Edition: MacMillan, 1949
Review number: 696
Most collections of Rudyard's Kipling's short stories today seem rather uneven; some of his writing has dated much more than the rest. Traffics and Discoveries is not so much uneven as poor; few of the stories it contains have much to say. There are several patriotic stories from the Boer War period; as this was hardly marked by British moral superiority - being best remembered today for the British invention of the concentration camp - its propaganda now gives an uncomfortable feeling to the British reader.
Among Kipling's most successful adult stories were those whose central characters were three privates in the Indian Army, and there are three stories in this collection which attempt to repeat this formula with the Navy. It doesn't really work, partly because there is virtually no originality in them, and partly because the writing is diffuse and confusing.
Most interesting are the stories which look at some of the most significant new technologies of the time - the car, the radio, and electric power. This includes what it almost certainly the earliest story to feature a traffic policeman. The car is also important in 'They', which begins with a breakdown. Probably the best story in the collection, it is a rather Jamesian tale about the ghosts of children.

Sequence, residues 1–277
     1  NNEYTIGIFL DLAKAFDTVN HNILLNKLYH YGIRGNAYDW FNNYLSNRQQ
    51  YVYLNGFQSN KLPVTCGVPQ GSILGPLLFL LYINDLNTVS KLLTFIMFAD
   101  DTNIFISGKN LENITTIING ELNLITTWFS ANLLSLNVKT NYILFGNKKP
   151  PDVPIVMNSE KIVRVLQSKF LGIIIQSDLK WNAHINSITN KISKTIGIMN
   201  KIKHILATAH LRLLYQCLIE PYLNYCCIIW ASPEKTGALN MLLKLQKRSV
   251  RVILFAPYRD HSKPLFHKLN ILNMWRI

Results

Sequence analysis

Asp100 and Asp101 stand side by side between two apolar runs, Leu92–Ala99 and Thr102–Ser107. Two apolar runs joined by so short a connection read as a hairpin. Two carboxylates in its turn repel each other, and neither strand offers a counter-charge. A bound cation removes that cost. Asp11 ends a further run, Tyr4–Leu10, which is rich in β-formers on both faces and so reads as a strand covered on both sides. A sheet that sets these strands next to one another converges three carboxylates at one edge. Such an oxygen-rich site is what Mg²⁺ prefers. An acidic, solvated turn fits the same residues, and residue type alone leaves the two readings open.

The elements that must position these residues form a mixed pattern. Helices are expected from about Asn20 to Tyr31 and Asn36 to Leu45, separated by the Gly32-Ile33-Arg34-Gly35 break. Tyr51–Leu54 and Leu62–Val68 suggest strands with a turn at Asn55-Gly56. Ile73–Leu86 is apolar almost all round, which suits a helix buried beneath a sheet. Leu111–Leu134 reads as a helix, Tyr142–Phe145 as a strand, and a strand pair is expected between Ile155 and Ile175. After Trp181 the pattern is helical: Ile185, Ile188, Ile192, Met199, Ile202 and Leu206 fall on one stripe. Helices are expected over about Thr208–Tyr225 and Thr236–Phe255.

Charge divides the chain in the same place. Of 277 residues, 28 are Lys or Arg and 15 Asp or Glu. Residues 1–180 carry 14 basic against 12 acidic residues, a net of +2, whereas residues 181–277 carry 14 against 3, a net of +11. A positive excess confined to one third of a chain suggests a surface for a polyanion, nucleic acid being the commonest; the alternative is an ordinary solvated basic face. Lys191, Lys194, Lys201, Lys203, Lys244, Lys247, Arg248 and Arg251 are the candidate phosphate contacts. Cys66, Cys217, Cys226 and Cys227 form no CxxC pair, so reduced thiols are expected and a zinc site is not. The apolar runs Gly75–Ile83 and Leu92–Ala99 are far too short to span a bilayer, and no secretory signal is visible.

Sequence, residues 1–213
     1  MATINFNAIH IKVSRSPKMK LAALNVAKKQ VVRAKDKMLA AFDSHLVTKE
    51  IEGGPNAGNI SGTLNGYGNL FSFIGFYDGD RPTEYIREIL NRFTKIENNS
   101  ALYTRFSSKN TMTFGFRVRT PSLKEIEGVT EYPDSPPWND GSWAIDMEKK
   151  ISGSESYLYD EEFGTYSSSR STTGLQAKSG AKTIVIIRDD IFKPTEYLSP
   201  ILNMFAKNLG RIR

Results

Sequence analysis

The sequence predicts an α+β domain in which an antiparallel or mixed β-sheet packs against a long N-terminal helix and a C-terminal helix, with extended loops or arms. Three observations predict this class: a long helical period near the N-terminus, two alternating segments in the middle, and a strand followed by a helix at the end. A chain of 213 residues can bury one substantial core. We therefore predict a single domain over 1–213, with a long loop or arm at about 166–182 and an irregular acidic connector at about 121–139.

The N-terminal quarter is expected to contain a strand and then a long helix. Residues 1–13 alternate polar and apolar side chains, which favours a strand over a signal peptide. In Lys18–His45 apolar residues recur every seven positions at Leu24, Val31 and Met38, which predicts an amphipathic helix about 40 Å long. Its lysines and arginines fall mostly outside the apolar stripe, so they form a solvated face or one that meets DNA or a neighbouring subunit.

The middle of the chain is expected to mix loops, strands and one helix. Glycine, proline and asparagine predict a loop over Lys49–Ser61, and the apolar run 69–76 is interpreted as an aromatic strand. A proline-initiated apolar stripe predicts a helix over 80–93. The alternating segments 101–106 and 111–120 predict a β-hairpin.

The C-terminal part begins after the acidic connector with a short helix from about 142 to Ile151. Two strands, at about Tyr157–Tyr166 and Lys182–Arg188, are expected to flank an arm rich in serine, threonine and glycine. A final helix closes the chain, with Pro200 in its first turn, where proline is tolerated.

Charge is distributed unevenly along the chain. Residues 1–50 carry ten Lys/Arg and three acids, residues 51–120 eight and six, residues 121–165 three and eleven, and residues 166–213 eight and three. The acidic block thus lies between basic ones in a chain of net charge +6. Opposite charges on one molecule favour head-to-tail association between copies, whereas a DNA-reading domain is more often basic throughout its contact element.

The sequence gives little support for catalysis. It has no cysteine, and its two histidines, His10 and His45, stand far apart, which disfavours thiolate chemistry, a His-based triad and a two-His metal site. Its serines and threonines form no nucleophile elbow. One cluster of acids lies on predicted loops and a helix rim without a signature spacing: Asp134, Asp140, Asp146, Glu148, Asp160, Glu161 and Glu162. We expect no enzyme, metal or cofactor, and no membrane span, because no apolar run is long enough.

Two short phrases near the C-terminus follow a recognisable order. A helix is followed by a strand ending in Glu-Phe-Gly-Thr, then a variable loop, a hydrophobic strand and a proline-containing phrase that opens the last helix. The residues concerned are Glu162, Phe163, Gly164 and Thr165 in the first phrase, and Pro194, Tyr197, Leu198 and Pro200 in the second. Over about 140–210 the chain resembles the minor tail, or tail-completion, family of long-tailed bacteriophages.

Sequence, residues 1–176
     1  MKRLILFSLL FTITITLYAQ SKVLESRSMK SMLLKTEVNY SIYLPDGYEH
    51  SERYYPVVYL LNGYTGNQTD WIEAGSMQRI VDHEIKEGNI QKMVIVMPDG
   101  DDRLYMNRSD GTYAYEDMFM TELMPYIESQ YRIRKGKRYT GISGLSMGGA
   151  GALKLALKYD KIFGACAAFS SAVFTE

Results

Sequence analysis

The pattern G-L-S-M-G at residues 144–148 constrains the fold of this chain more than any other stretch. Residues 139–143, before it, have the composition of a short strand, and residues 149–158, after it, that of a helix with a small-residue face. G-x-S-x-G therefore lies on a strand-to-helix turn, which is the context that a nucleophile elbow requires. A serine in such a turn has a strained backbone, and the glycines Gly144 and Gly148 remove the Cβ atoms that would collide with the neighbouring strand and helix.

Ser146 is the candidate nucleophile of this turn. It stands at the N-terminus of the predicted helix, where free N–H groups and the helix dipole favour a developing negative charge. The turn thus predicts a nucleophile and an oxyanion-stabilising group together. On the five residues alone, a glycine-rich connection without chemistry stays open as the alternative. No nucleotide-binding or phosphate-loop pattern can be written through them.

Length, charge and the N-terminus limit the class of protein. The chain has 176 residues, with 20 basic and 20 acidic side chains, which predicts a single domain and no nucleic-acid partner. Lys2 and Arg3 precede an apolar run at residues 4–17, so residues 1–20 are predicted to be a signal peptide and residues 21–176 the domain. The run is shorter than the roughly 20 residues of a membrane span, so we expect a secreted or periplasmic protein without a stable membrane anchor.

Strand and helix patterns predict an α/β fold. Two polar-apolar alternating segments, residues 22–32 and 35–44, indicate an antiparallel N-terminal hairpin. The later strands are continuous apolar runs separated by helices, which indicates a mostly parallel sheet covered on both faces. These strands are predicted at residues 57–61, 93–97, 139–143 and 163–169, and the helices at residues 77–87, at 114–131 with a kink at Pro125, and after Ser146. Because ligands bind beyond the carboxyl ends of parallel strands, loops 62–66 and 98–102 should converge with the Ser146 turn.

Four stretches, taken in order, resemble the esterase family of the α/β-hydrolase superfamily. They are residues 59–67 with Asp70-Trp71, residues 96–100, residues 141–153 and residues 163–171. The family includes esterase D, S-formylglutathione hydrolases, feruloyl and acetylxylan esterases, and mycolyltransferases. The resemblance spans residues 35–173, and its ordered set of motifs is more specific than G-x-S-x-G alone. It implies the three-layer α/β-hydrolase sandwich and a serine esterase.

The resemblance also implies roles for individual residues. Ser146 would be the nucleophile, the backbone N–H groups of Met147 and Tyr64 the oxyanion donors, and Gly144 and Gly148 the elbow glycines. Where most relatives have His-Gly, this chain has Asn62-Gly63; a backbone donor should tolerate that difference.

One other tale deserves comment. Initially, The Army of the Dream seems to be Kipling the right wing Imperial apologist through and through; it is basically a tract in support of the formation of what amounts to the Territorial Army, and apparently views warfare as an extension of team sports. (This was, of course, a not uncommon metaphor among the British upper classes until it was discredited in the First World War less than a decade after the publication of this collection.) However, it has a sharp sting in the tail, as the narrator awakens from his dream in his London club to realise that the men he has been talking to are all dead. This of course undermines everything he appears to have been trying to say, and leaves the reader with an uneasy feeling - exactly as Kipling must have intended.